...a familiar but foreign species makes its annual appearance, Latin name Caravanus Horribilus. They appear suddenly the first of April, grazing in a frustratingly leisurely fashion on the highways and byways of the Languedoc with little care for whether or not they are interrupting local migratory patterns. In the evening, they may retire to corrals reserved for them throughout the countryside but they are just as likely to consume multiple parking spaces in your village square. Speaking of consumption, their diet consists of copious amounts of petrol as evidenced by their bilious effluvia. The Caravanus Horribilus season lasts for five or six months, just until autumn when, as they are about to disappear, they are replaced on the roadways by their sister species Vendange Humongous.
Often found in the interior of the Caravanus Horribilus or somewhere nearby, in an apparent display of Darwnian symbiosis, lives the Grocerious Abundancia. They exit their lairs on Saturday mornings and clog the lanes of the cashiers in the local Carrefours, Intermarches, and other hunting grounds. They are enormously successful hunters, as the volume of their prey attests. But they forget to have their prey weighed while still in the wild, delaying more considerate hunters. They speak in strange tongues. And they rid the pampas of any excess wine or beer that might be extant. This last may have something to do with the dodgy manner in which the Caravanus Horribilus maneuvers.
Hikers appear. They are old and they are young. The backpacks of the young ones often weigh more than they do because they are living rough and have prepared for their every camping need with expensive, micro-miniaturized, eco-friendly, carbon-neutral gear. The old ones have belly packs, spend their nights in chambres d'hote, have personal support teams driving rented vehicles, and have booked a masseuse for the afternoon. Either way, one has to be careful. The hikers find the narrowest back roads to travel, often in packs, and even the French frown on knocking one into a ditch with your Citroen.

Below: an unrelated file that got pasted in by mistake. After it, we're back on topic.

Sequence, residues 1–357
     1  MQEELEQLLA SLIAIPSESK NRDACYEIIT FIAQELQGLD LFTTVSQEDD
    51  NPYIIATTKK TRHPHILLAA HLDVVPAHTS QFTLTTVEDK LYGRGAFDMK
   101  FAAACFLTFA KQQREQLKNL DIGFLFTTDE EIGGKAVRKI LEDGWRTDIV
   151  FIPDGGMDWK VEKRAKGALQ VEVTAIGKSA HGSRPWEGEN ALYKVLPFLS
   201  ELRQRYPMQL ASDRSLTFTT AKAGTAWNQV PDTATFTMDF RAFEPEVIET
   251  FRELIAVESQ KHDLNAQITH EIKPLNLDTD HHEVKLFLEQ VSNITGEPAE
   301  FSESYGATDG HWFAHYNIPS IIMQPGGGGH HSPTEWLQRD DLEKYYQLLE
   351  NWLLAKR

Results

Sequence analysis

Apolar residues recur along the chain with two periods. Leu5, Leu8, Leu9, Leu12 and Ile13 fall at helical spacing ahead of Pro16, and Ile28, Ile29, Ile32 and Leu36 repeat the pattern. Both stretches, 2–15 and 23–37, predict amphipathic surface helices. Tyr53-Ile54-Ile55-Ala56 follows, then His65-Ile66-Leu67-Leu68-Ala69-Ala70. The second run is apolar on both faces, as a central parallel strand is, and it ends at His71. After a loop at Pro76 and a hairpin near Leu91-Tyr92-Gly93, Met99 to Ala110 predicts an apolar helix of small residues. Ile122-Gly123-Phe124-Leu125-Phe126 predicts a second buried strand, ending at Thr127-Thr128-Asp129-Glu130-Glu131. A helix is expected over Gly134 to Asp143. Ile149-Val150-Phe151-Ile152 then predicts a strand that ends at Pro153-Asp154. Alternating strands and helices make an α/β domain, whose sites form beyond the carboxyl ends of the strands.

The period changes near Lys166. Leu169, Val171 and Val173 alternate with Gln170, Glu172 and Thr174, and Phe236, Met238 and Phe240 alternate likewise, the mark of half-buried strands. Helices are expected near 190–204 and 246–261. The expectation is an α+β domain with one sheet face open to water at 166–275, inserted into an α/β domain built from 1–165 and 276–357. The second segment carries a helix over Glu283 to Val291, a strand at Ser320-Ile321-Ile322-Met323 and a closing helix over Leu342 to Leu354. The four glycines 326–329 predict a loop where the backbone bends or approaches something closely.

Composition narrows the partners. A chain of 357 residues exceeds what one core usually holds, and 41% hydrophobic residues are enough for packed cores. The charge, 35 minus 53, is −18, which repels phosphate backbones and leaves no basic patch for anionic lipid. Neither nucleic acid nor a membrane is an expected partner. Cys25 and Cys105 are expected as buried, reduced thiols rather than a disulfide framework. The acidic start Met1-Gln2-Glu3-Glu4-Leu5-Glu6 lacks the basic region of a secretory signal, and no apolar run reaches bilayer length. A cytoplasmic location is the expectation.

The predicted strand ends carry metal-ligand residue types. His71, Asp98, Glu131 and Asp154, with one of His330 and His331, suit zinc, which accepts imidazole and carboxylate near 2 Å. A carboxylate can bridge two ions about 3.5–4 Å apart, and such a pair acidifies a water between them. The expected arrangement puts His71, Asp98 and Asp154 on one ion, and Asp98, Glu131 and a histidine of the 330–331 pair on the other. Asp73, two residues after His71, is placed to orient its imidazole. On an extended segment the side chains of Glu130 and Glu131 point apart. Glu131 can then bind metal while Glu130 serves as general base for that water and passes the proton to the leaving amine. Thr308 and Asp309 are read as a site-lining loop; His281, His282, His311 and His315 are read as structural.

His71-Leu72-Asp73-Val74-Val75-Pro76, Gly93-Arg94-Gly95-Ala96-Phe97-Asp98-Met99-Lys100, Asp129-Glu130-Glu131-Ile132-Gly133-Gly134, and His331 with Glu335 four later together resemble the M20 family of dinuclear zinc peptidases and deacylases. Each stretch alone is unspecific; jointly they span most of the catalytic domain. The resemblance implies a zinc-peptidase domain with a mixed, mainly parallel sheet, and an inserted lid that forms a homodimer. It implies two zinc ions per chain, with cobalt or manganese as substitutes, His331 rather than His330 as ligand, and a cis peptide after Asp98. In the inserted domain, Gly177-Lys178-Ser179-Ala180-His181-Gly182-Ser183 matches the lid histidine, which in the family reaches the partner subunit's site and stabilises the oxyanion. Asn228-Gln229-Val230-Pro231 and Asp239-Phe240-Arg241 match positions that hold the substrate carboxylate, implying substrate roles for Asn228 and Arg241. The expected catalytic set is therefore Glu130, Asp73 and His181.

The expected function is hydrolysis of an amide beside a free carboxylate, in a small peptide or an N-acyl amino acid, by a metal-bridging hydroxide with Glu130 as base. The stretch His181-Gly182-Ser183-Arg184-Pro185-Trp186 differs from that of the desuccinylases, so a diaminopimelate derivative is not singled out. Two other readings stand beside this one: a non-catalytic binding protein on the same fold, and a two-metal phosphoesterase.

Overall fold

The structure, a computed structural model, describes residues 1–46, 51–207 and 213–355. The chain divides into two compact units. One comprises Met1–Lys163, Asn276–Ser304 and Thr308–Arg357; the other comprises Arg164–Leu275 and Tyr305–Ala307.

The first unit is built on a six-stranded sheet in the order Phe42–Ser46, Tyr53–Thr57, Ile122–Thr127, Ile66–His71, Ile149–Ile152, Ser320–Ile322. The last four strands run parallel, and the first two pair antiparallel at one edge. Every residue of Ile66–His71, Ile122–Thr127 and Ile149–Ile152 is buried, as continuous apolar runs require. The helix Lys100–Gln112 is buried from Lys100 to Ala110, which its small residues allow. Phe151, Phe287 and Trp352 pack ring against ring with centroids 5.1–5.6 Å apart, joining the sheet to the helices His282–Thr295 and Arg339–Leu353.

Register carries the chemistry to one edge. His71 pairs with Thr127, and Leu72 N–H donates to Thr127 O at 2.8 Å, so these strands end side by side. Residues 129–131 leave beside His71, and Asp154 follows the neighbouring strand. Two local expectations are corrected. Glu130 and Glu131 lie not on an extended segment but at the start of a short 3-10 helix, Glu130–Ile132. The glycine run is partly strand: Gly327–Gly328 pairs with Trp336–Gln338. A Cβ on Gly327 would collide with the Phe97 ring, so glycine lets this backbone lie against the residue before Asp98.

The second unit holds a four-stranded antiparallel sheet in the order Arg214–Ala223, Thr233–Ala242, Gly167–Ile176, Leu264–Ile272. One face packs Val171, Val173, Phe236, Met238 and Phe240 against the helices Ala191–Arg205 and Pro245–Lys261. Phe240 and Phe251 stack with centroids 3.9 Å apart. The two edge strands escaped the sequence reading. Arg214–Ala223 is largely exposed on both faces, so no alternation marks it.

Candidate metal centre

You learn how many different shades there are of the color Green. Even in the Languedoc, the winters are characterized by brownish hues. As April approaches and vineyards, fields, and gardens are freshly tilled, the browns seem even more dominant. But then, not quite all at once but in a very short time, spring comes along. The days become tantalizingly longer and warmer. The breezes don't bite quite as badly. And Green happens. The Impressionists chose to paint here for a reason.
There are a variety of other indications that the worm of winter is turning. Asparagus. Iris. Mediterranean beaches beckon. Mountain lakes become destinations. But flavorful fresh food, beautiful fragrant flowers, and scenic geography are so ubiquitous in this corner of the world as to border on the mundane. It's the frustrations that mark the seasons. Forget the Zika virus and the Aedes mosquito. When will they development a safe, biodegradable repellent for the Caravanus Horribilus?
Strawberries on the terrace. That's really all that you need to know about April in the Languedoc. Strawberries on the terrace.